At work, I was feeling more and more sick, so I’m heading home from work early to avoid contaminating the office.
Train at Flinder’s St is spontaneously rerouted from a city loop to a Richmond direct express to Box Hill service so I jump on just before it leaves. Train takes off and a lady starts freaking out.
She and her 4yo(?) son heard the announcement late and have tried to exit, but the doors closed between him getting off and her doing the same. So he’s standing on the platform crying as she jogs down the length of the carriage trying to get help.
Continue reading Rerouted
For the past few years, Úll’s reputation has been rising as a thoroughly thought through, brilliantly balanced, carefully constructed conference for creatives interested in technology.
Moreover, it’s held in a spectacular venue in a country we’ve wanted to visit for the longest time, not far from friends we deeply love.
So we’ve decided to take the plunge and travel halfway around the globe to join a long list of luminaries in Killarney, before spending some quality time in a quality country.
Suggestions for places to visit and things to see will be warmly welcomed.
Godparents are something of an anachronism nowadays.
I think that asking someone you trust to watch out for your kid is invaluable. There will come a time when Steph & I are anathema to our children, and when having another set of thoughtful, loving Christians praying for them and giving them wise counsel just seems like a no brainer.
So we thank God for the six saintly souls who look out for our girls – for the way the actively seek things to pray for them, and for their working hard to be part of their lives.
Fourteen years ago to the day, my eternally patient wife (then bemused girlfriend) spent her Valentine’s Day afternoon helping me move into a sharehouse with some bozo.
Practical, self-sacrificial, and loving – what more could you look for in a valentine.
After digging around on the computer to find out why my SSD was running out of space, I stumbled across my old iWeb projects.
Goodness me, Apple has released some top-notch software in the past. If you haven’t played with it, the seven-year-old iWeb application is still the best web page maker in existence, and thanks to its ability to publish via open standards (like FTP), you can re-publish old, orphaned MobileMe sites, like our world-famous World Tour Of The U.S.A.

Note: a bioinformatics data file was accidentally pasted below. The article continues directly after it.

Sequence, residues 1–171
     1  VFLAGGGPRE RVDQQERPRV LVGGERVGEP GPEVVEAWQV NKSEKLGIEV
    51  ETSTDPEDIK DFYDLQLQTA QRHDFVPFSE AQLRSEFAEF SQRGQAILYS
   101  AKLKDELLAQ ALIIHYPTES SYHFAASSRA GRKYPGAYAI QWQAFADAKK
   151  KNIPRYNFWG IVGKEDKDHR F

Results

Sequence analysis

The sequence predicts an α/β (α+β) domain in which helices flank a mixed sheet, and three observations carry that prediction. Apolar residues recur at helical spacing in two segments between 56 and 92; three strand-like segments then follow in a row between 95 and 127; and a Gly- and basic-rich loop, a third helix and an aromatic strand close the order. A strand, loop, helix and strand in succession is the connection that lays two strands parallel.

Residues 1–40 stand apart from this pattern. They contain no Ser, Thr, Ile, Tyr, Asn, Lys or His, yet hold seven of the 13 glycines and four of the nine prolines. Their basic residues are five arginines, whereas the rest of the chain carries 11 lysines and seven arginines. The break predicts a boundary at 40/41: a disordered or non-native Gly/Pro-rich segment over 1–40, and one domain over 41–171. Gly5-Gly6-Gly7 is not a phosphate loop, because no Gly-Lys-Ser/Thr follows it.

Kudos, former Apple UX designers and coders, for making brilliant software, and for enabling a walk down memory lane.
Unlike earlier, before we knew you were you were no more.
Before the last battle you were carried through the stable door
by the lion, whose roar
the world, who separated south from north.
And whose deeds at the stone table are worth
trusting – even as the donkey brays
that he cut short our little ones’ days.
But we know his word says
that we’ll meet again even if our ways
in this world are four score
We know the one who beat death chose to let you face it before we could face you.
And that after we see death, we’ll get to hold you as we bask in the glory of our saviour’s face.
They say the appropriate gift is tin.
Perhaps “they” here are New Zealanders who struggle wuth theer vowels end hev muxed up theer “e”s with their “i”s.
Maybe “they” figured that after so many years rusted onto each other, it was only appropriate to share a corrosion-safe metal.
Or perhaps “they” decided to give a poor, mortgage-laden chap a break and let him go cheap on the gifts this year.
They say the appropriate gift is tin.
But I say, after walking the yellow brick road with me for this past decade, the best gift I can give you is velvet-wrapped and sawdust-filled. And being renewed every day by our saviour & God.
Thank you, Stephanie Louise, for your great, great love all these years. You are the source of most of God’s earthly blessings for me. I still thank him daily for you, and pray I keep living up to the promises I made ten years ago today.
Me: “If you eat your pizza you can have some icecream.”
3yo: “No! Icecream first, then pizza!”
Me: “No, the rule is -”
3yo: “No! I don’t want it.”
Me: “Look, who’s the boss in our house?”
Me: “You’re right, but to whom does Jesus delegate his -”
3yo: “No! Jesus says in the bible it’s icecream first!”
Me: “… um … ah. You show me where he says it in this bible and we’re good.”
3yo (pawing through her Big Picture Bible): “Here. It says here icecream first then pizza.”
Me: “… errr … hmmmm …”
What would you say?
So our daughters’ Nanna has acquired a second-hand iPhone.
She’s always been passionate about education and learning. A teacher by training & trade, we joke that our girls come back from visiting her with five more points of IQ.
The iPhone, however, is taking her a bit of getting used to. Truth be told, her old Samsung dumb-phone really was a UX nightmare, so I understand her wariness of new technology. Typing seems to be what annoys her: she’d developed her own shorthand on the Sammy to get around its appalling text input system, and the iPhone keeps trying to “correct” her.
I think the *aha* moment came at lunch yesterday when she asked whether there would be rain this week. Then looked at her home screen, found & launched Weather for the first time, and read the week’s forecast.
Someone said: “Welcome to the 21st century. You now never have to not know something.”
And her eyes lit up.